3. Shopify Alternatives for Enterprise level businesses
4. What’s the right solution for you?

Maybe you are just starting and want to put in the research to make sure you get the platform for your business. Maybe you are looking for a more affordable option. Maybe you are considering switching from your current Shopify site to another more flexible platform.

Ecommerce platforms comparison matrix | Yieldify

Because there are so many Shopify alternatives on the market, it can feel overwhelming – where do you even begin? We suggest you begin with this list.

Top 10 Shopify alternatives

We’ve pulled together our list of the top Shopify alternatives in the market. From eCommerce platforms that are very similar to Shopify to those that offer something completely different, we’re going to break down each solution to help you make sure you choose the best platform for your business.

Shopify alternatives for beginners and startups

Big Cartel

Perfect for smaller eCommerce businesses, Big Cartel has all the bells and whistles you’d expect from their competitors but at a lower price point (starting at $9.99). They even have a free plan if you have less than 5 products, but keep in mind that Big Cartel has a maximum of 500 products for any site on their largest plan, which costs $29.99 a month.

While Big Cartel has gorgeous, responsive designs, with real-time stats and promotional tools, it can be difficult to grow with their limited product listings.

Shopify alternatives - Big Cartel | Yieldify
Website built with Big Cartel


If you are on a tight budget, Prestashop is a great option. The platform itself is free, so you will only have to cover the cost of your domain name and hosting.  

When compared to Shopify, Prestashop has fewer themes, templates, and overall features. However, it has the best usability we’ve seen from a free platform. It charges no additional transaction fees, has unlimited products, supports international sales, and abandoned cart details.

Shopify alternatives - Prestashop | Yieldify
Website built with Prestashop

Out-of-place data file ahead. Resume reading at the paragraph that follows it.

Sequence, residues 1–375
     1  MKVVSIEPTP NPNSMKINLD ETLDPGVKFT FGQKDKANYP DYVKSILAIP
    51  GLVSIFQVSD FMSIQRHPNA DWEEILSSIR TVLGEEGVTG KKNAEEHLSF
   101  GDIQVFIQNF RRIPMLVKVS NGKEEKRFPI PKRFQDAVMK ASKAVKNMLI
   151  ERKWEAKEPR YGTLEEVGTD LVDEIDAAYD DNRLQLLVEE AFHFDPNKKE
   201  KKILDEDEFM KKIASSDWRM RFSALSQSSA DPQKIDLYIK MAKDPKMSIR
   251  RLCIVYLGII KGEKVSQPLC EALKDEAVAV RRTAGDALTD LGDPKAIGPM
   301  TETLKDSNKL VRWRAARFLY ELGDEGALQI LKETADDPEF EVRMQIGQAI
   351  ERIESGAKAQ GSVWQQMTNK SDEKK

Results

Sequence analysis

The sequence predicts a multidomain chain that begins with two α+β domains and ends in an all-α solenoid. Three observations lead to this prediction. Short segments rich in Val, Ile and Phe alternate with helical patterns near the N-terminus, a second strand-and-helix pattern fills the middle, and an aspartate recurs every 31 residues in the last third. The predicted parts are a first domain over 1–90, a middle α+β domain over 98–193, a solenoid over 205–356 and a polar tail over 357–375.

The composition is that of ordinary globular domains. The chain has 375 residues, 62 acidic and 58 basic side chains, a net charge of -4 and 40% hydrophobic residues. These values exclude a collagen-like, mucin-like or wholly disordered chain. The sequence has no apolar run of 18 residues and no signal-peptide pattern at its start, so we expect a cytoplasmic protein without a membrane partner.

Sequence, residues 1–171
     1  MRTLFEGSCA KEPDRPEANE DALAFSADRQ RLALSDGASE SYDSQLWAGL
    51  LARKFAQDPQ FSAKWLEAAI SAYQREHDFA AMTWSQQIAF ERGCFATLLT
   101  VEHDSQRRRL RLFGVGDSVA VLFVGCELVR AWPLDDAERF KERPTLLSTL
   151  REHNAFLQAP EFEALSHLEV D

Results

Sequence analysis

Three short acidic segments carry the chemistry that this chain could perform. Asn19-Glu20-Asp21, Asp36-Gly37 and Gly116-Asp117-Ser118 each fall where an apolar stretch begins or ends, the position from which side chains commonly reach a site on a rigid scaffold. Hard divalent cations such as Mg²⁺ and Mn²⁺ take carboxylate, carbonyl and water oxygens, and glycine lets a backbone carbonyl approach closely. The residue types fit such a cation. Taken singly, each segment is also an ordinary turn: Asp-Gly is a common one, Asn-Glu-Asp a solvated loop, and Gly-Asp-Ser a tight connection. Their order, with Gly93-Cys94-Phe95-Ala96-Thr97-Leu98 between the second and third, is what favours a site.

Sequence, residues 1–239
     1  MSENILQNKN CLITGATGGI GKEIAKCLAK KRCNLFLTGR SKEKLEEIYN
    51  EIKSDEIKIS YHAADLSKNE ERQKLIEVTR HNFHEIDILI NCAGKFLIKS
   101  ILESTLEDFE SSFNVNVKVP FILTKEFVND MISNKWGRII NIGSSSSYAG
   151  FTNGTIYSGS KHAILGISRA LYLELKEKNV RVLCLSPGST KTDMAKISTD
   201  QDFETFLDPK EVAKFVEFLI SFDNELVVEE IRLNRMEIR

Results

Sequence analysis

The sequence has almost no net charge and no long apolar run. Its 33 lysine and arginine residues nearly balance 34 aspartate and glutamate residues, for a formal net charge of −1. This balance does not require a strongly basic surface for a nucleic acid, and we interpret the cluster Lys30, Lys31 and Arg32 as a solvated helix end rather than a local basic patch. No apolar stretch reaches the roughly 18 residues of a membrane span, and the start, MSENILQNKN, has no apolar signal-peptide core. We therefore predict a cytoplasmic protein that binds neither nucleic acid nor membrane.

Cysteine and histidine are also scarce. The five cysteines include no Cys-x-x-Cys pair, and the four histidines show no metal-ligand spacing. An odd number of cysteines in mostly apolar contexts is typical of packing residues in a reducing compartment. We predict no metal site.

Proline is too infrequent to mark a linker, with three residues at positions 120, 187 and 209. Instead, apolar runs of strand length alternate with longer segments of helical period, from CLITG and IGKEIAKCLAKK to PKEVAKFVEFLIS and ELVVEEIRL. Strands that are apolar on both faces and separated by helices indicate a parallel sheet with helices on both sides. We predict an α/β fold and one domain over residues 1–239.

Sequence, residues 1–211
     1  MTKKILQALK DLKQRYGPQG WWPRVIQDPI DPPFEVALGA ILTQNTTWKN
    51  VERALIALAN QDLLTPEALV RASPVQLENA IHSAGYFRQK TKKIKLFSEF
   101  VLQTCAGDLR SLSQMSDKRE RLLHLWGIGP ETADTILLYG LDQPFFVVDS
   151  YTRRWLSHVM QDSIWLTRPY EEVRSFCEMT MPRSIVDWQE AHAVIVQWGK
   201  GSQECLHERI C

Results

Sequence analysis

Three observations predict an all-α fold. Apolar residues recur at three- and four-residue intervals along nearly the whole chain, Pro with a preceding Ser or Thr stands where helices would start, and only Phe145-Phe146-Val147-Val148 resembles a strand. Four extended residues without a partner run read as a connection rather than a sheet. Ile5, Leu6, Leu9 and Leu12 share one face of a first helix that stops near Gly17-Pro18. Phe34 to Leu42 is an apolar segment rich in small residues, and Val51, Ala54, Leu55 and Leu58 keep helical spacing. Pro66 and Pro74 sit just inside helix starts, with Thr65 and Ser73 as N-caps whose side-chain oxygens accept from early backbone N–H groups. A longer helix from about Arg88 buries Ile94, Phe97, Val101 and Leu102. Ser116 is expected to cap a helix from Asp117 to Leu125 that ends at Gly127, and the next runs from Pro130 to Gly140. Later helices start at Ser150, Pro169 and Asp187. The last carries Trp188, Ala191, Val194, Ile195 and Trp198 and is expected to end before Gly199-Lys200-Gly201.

You can also opt for some of their premium add-ons that allow you to take your eCommerce site to a whole new level. They also have Prestashop experts you can hire who can help you customize your site with a minimal initial investment.

Shopify alternatives for small to mid-sized businesses

1. Squarespace

Known first and foremost as a website design tool, Squarespace introduced its eCommerce solution and became a great all-in-one Shopify alternative.

If you use Squarespace, you know you’ll have a beautifully designed website. They also have a host of different options to help you with your eCommerce journey. From a wonderful checkout experience and unlimited product listings to social media integrations and a backend inventory management system, Squarespace has become a real competitor in the eCommerce world.

Shopify alternatives - Squarespace | Yieldify
Website built with Squarespace

Squarespace does have a limited amount of payment options – you’ll need to use Stripe, PayPal or Apple Pay. Their price point is also higher when you compare to their direct competitors (Wix, Weebly, and Webflow, for example) but it is still reasonable. The Business plan is the first tier with eCommerce and costs $18/month and the Commerce plan – that has all the eCommerce features – costs $40/month.

2. Selz

A platform targeted at small business owners and entrepreneurs, Selz gives you many different ways to sell your products (digital, physical and services). From using their widgets and social media integrations to creating your online store with their website builder, you have a lot of flexibility with how you sell your products. 

All plans have unlimited products and storage, but prices increase for the number of users on your account – Basic costs $29/month for 2 users, Standard costs $59/month for 5 users, and their Advanced plan gives you 15 users and costs $199/month.

Shopify alternatives - Selz | Yieldify
Online store theme from Selz